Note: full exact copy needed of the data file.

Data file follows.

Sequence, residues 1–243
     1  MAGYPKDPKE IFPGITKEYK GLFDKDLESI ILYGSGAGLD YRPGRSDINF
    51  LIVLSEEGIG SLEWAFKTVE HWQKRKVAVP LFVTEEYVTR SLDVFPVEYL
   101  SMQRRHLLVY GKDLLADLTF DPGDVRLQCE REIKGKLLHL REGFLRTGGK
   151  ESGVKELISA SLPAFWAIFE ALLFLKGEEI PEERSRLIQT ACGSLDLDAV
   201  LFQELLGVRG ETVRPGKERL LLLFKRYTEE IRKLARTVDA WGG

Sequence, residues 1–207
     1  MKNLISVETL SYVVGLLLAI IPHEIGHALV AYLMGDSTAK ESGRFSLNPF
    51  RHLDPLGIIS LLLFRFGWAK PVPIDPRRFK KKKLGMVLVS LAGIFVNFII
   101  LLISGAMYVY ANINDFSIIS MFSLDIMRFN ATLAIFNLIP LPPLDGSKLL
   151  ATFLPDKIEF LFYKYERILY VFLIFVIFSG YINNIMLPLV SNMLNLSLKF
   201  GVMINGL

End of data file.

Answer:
Sequence, residues 1–243
     1  MAGYPKDPKE IFPGITKEYK GLFDKDLESI ILYGSGAGLD YRPGRSDINF
    51  LIVLSEEGIG SLEWAFKTVE HWQKRKVAVP LFVTEEYVTR SLDVFPVEYL
   101  SMQRRHLLVY GKDLLADLTF DPGDVRLQCE REIKGKLLHL REGFLRTGGK
   151  ESGVKELISA SLPAFWAIFE ALLFLKGEEI PEERSRLIQT ACGSLDLDAV
   201  LFQELLGVRG ETVRPGKERL LLLFKRYTEE IRKLARTVDA WGG

Sequence, residues 1–207
     1  MKNLISVETL SYVVGLLLAI IPHEIGHALV AYLMGDSTAK ESGRFSLNPF
    51  RHLDPLGIIS LLLFRFGWAK PVPIDPRRFK KKKLGMVLVS LAGIFVNFII
   101  LLISGAMYVY ANINDFSIIS MFSLDIMRFN ATLAIFNLIP LPPLDGSKLL
   151  ATFLPDKIEF LFYKYERILY VFLIFVIFSG YINNIMLPLV SNMLNLSLKF
   201  GVMINGL